Technological advances in electric generation and telecommunications make utility competition both possible and inevitable. These economic forces will eventually break down the regulatory structure of the electric industry. However, public policy should play a crucial role in molding and nurturing competition.In recent months, regulators in a majority of the states have opened proceedings to study electric competition. But little agreement exists on how to restructure the industry. I suggest that we now know enough about the issues to take some positive steps. I offer a plan that should introduce the essential elements of competition, while providing recovery of potential stranded investment and flexibility in choosing the final industry structure in the future.
Technology: Cause and Effect
Electric industry restructuring must take advantage of technological improvements in electric generation and telecommunications.
Generation. Technological advances, particularly combined-cycle gas turbines (CCGTs), have sharply reduced the cost of generating electric power and dramatically shrunk the scale required for efficient plant operation. While they cut the cost of producing power by increasing efficiencies in fuel use and operating practices, CCGTs also decrease capital intensity and shorten the period needed to bring a new plant on line. For instance, CCGTs with 200 megawatts (Mw) of capacity cost about $550 per kilowatt (Kw), are capable of 90-percent capacity factors, and have heat rates in the area of 7,500 British thermal units (Btu) per kilowatt-hour (Kwh). With gas priced at $2 per million Btu and a pretax capital cost of 12 percent, the full cost of producing power with these plants is about 2.9 to 3 cents per kilowatt-hour (›/Kwh).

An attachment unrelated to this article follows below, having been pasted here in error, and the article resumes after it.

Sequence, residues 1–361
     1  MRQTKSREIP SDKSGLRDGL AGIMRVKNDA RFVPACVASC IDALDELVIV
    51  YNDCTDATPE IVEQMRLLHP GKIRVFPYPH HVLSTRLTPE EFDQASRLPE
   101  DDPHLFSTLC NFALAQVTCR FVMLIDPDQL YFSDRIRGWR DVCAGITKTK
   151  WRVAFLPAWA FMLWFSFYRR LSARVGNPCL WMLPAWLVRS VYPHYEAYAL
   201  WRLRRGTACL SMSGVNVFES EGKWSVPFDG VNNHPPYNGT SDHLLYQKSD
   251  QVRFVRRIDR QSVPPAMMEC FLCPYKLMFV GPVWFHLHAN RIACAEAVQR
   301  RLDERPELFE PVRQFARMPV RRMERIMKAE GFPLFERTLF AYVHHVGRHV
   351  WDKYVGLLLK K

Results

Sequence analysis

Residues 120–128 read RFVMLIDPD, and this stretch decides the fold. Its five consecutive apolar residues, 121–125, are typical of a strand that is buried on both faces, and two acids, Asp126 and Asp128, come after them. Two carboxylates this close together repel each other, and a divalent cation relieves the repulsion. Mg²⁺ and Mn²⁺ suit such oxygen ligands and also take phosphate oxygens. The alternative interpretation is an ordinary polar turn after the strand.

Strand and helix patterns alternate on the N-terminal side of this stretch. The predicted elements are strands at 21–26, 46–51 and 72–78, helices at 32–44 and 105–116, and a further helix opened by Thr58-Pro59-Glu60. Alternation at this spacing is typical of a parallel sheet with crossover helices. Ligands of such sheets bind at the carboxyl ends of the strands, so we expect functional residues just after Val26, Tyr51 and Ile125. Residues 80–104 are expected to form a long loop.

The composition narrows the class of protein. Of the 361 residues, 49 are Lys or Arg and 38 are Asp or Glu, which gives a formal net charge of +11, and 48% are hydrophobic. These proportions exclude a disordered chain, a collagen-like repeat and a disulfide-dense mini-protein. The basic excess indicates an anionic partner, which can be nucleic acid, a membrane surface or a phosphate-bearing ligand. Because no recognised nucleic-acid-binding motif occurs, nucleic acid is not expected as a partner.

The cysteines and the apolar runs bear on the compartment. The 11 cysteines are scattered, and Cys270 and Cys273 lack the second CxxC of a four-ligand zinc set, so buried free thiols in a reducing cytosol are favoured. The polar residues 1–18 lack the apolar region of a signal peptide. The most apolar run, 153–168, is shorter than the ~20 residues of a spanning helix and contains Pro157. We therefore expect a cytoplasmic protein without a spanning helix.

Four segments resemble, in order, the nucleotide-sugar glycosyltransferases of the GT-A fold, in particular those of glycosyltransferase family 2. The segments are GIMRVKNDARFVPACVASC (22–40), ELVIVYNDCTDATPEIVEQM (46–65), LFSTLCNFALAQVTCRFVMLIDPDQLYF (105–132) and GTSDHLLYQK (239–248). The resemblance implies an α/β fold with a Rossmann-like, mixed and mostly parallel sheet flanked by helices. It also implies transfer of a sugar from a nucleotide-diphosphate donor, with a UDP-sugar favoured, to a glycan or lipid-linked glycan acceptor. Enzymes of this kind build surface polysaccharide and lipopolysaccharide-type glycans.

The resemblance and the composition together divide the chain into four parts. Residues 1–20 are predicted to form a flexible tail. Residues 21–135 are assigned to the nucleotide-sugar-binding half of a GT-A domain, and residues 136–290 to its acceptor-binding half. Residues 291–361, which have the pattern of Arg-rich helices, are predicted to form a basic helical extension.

Moreover, CCGT technology is improving rapidly. Thus, the long-run marginal cost of generation should remain favorable even if natural gas prices should rise substantially over the next 10 years. Fuel efficiency can be expected to improve sharply. (Fuel expense now accounts for almost 60 percent of the cost of power of CCGT units.)
Equally important is the efficiency achieved with small CCGTs. A decade ago economies of scale were achieved with coal-fired units that had capacity of 700 to 1,000 Mw and cost $1 to $1.5 billion. New CCGT technology captures most economies of scale with units of 100 Mw that require an investment of only $50 to $60 million. Consequently, CCGTs that serve only a small part of a local market are cost effective. Capital needs no longer represent a barrier to entry.